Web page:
Whether or not the Heritage Foundation knew what it was getting when it hired South Carolina Sen. Jim DeMint to run the organization, here's what it's gotten: a rapid transformation from the intellectual center of the Republican Party to the activist center of the Tea Party.

The evolution isn't as sudden as The New York Times' Jennifer Steinhauer and Jonathan Weisman present in their front page article on Monday. Even before DeMint left his position in the Senate to take over Heritage, it had stumbled over some intellectual inconsistencies. (The organization is widely credited with having invented the individual mandate now at the center of conservative outrage over Obamacare.) But under DeMint, the organization's activist side has reached full blossom. "Long known as an incubator for policy ideas and the embodiment of the party establishment," Steinhauer and Weisman write, "it has become more of a political organization feeding off the rising populism of the Tea Party movement."

The report details the at-times-confusing march of Heritage over the past year, with its established (though ideological) economists facing off against Heritage Action, the new advocacy arm of the institution. Those economists had been invited to a key Republican discussion group, until, as The Atlantic's Molly Ball reported in September, Heritage Action first called for and then criticized splitting the Farm Bill into two pieces. "Heritage was now scoring against Republicans for doing exactly what Heritage had been espousing only a month before," Rep. Mick Mulvaney told National Journal. Heritage was no longer welcome at the Republican Study Committee.

From Heritage Action's scorecard.

Heritage Action is also the group that spent last summer hosting Texas Sen. Ted Cruz in a series of discussions focused on blocking Obamacare by swearing to oppose any funding bill that included money for the health care program — obstinance that led directly to the October government shutdown. (Cruz earned a 100 percent in Heritage Action's latest congressional scorecard.) But the Times reports that such action is precisely the point; that DeMint, "drawing on his experience in advertising and marketing" prior to his Senate career, aims "to spread the ethos of the Heritage Foundation more broadly and among younger recruits."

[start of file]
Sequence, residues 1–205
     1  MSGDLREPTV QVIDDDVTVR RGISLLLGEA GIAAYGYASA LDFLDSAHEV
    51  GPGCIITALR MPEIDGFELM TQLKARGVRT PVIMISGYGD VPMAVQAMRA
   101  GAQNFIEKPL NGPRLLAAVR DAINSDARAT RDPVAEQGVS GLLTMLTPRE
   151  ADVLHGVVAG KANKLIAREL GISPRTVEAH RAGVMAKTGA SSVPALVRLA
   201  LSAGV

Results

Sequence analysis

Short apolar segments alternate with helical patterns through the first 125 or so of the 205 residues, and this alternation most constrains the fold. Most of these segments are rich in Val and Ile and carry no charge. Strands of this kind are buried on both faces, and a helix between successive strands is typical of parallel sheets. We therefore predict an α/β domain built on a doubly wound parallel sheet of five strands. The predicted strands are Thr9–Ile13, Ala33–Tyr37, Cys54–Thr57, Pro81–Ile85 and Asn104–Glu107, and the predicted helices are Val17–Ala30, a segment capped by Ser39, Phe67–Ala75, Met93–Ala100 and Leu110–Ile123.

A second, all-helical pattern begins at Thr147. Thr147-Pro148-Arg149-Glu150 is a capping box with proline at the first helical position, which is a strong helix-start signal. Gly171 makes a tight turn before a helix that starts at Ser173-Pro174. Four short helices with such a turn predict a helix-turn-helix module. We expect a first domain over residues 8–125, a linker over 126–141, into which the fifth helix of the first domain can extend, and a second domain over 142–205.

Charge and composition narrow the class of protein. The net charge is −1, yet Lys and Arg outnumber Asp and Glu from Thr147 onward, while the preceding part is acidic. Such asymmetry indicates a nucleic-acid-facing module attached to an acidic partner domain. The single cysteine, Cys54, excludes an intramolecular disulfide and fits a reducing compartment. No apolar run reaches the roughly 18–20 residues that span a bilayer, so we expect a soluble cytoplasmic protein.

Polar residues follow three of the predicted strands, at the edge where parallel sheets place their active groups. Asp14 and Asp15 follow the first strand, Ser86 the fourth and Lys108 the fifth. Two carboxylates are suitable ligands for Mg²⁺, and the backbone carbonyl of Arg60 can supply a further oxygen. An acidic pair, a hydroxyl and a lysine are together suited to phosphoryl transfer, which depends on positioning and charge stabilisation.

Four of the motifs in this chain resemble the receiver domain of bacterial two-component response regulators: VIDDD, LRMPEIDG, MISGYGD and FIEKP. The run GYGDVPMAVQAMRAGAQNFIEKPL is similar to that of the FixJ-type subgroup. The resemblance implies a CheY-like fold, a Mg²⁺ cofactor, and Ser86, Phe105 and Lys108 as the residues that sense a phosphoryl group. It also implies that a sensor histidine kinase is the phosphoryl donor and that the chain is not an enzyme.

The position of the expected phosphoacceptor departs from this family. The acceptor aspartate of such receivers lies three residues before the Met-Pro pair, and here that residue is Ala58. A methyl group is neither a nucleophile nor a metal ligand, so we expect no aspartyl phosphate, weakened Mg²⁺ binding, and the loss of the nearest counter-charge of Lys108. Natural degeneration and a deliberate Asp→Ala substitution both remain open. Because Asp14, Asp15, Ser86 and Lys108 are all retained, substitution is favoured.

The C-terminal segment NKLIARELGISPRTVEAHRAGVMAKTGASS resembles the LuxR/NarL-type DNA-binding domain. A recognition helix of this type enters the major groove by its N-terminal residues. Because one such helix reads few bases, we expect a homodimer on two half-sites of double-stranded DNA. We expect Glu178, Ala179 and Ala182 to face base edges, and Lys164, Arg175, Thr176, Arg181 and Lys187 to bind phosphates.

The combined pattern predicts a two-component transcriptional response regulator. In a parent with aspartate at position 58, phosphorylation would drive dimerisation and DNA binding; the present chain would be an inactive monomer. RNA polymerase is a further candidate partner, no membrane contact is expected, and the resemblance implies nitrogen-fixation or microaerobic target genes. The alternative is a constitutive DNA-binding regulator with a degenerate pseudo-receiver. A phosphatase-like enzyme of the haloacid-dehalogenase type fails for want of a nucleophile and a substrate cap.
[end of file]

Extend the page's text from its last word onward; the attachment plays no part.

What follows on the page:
DeMint insists that he "had no intention to get more political," and that "the whole conservative movement counts on Heritage for its intellectual integrity," according to Steinhauer and Weisman. Others disagree. "DeMint has not only politicized Heritage, he’s also trivialized it," a founding trustee of the organization told the Times. Ball reports that "prominent Republicans publicly worry they're becoming the 'stupid party.'"

Liberal economist Paul Krugman went further, as he does. DeMint didn't destroy Heritage's intellectual integrity, he says, it "never had any." Outlining a number of recent errors, Krugman says that Heritage isn't a think tank in the sense that "actual thought or research took place there. It just played one on TV."

Ball makes clear that even Heritage was having trouble keeping up the act. From its initial guiding document in the Reagan administration, a 3,000-page manual outlining conservative orthodoxy, its plans have become more and more modest. It was invited to the Republican Study Committee to provide insight into policy. That it's no longer welcome there suggests, among other things, that there wasn't much insight anymore. The Times says that there's been an "exodus of top experts and administrators," reinforcing the trend.

It's hard to see this as anything other than an intentional overhaul. What Heritage hired in 2013 was a senator with a marketing background, who thinks that the organization "had allowed [conservative ideas] to become too serious." DeMint's Heritage clearly doesn't take ideas too seriously. Given the recent struggles within the Republican Party, leveraging an activist group willing to put political pressure on elected officials is probably a more effective way to change policy anyway.